Chateau Cheval Blanc 2003
Bordeaux Red Blends from St. Emilion, Bordeaux, France
The 1998 vintage of this wine was ranked #2 on the Wine Spectator's Top 10 Wines of 2001
Château Cheval Blanc, the celebrated estate of St.-Émilion on the border of the Pomerol appellation in Bordeaux, is one of the two highest classified properties in that commune.
Cheval Blanc is distinguished by a blend of Cabernet Franc and Merlot, typically in nearly equal proportions. The wines, capable of long aging, are praised for their classic style – powerful, complex, and above all, elegant.
Wine Spectator - "Blackberry, mineral and lightly toasted oak. Subtle and complex. Full-bodied, with wonderfully sweet fruit character and ultrarefined tannins. Goes on and on. Gorgeous and seductive. Best after 2009."
Wine Enthusiast - "There have been more complete Cheval Blancs than this, but this 2003 does have power. Huge fruit, huge solid tannins, concentration - maybe some charm would create a better wine. 92-94"
International Wine Cellar - "Good full, deep red. Sexy aromas of mocha, tobacco and milk chocolate, with a suggestion of roasted nuts. Suave, fine-grained and sappy, with lovely vinosity in the context of this heatwave vintage. Redcurrant and milk chocolate flavors linger impressively on the finish, which shows noteworthy energy and length, with sweet tannins. With its high percentage of 55% cabernet franc, this was very closed at the beginning, notes Berrouet, but is now "more human." But today I don't find enough complexity to merit an even higher score."
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Chateau Cheval Blanc Winery
The present-day Cheval Blanc vineyards had vines at least as far back as the 18th century, as shown by Belleyme's map of the region dated 1764. Nearly a century later, the estate was acquired by the Fourcaud-Laussac family who owned it until 1998, when it was sold to Mr Bernard Arnault and Baron Albert Frère.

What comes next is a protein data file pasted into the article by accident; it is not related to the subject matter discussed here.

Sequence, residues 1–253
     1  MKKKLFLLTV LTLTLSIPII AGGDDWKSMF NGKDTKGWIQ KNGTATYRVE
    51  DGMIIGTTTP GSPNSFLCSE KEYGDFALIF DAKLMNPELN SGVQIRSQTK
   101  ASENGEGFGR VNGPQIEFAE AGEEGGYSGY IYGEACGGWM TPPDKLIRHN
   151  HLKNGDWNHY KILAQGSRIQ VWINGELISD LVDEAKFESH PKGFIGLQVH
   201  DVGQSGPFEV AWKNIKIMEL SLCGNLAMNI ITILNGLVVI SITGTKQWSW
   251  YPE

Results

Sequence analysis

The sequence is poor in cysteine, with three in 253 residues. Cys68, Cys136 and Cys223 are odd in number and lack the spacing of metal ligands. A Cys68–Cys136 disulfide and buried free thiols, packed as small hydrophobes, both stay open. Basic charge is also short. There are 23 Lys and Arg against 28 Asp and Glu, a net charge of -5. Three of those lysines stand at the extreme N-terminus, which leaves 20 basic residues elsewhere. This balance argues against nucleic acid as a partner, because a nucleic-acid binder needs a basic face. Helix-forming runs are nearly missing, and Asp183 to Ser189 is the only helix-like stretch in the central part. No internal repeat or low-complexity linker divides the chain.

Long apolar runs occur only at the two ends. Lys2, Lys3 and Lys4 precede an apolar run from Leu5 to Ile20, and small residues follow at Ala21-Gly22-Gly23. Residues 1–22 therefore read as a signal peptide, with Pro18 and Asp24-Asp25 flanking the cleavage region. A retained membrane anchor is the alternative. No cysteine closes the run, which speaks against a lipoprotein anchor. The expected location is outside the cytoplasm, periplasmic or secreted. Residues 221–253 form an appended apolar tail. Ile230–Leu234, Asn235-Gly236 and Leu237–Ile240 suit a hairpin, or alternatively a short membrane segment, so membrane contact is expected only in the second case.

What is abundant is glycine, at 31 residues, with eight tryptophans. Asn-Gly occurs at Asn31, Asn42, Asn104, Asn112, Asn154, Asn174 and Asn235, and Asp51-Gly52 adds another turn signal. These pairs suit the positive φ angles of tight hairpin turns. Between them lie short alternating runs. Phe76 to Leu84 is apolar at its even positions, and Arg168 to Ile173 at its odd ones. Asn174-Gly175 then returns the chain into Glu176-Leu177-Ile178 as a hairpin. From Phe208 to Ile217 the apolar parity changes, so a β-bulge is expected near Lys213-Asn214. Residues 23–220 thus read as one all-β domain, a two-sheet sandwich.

The vineyard is in a single block, and borders on the Pomerol appellation. An outstanding terror and unusual proportions of Cabernet Franc and Merlot give this great wine an absolutely unique flavor. Château Cheval Blanc has had a greater number of outstanding vintages than any other classified great growth over the past century.
Another unusual characteristic of Cheval Blanc is that once it reaches its peak, it maintains it for a very long time. This admirable wine is powerful, soft, rich, round and silky. It has tremendous fruit and elegance as well as exceptional quality from year to year. View all Chateau Cheval Blanc Wines
About St-EmilionView a map of St-Emilion wineries (saint eh-meel-YOHN)
A region named after the charming, quaint historical town in Bordeaux, St-Émilion is situated on the right bank of Bordeaux. It's grapes of choice are Merlot and Cabernet Franc (called Bouchet on the right bank). The region has its own classification system, updated and revised every few years. Two of the hottest chateaux of the area (and the only Premier Grand Cru Classé A) are Chateau Ausone and Chateau Cheval Blanc.
St.-Émilion produces the most wine on the right bank of Bordeaux. As most of its wine is based primarily on Merlot, St-Emilion wines are described as having finesse and elegance. The best wine of the region can last upward of 10-20 years, like a good left-banker, but many find that the wines here matuer earlier than those based on Cabernet Sauvignon. The soils in the area differ greatly, from gravel to limestone to clay and sand. As a result, the wines of this region are diverse. Quality wines display silky tannins and ripe, soft fruit – the higher quality wine showing full-bodied texture and layers of complexity.
About France - Other regionsWhen it comes to wine, France is a classic. Classic blends, grapes and styles began in the country and they still remain. Think about it - people ask for a Burgundian style Pinot Noir, they refer to wines as Bordeaux or Rhone blends - Champagne even had to pass a law to stop international wineries from putting their region on the label of all sparkling wine.
The top regions of France are: Bordeaux, Burgundy, Champagne, Languedoc-Roussillon, Loire, Rhone. And these regions are so diverse! It makes sense that wine regions throughout the world try to emulate their style. Pinot Noir, Chardonnay, Cabernet Sauvignon and Syrah are no longer French varieties, but international varieties. They may not be the leader of cutting edge technology or value-priced wines, but there is no doubt that they are still producing wines of great quality and diversity.
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